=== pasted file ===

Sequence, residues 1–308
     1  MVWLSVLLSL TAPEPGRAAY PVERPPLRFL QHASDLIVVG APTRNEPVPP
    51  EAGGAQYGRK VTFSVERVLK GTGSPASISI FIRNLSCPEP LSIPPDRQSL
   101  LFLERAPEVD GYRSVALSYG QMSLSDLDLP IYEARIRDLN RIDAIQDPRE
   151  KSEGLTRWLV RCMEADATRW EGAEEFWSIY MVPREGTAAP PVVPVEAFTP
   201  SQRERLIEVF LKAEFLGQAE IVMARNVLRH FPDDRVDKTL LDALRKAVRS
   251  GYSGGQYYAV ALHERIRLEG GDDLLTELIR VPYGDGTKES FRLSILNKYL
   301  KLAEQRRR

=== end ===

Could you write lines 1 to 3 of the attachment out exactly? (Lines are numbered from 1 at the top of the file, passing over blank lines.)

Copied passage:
Sequence, residues 1–308
     1  MVWLSVLLSL TAPEPGRAAY PVERPPLRFL QHASDLIVVG APTRNEPVPP
    51  EAGGAQYGRK VTFSVERVLK GTGSPASISI FIRNLSCPEP LSIPPDRQSL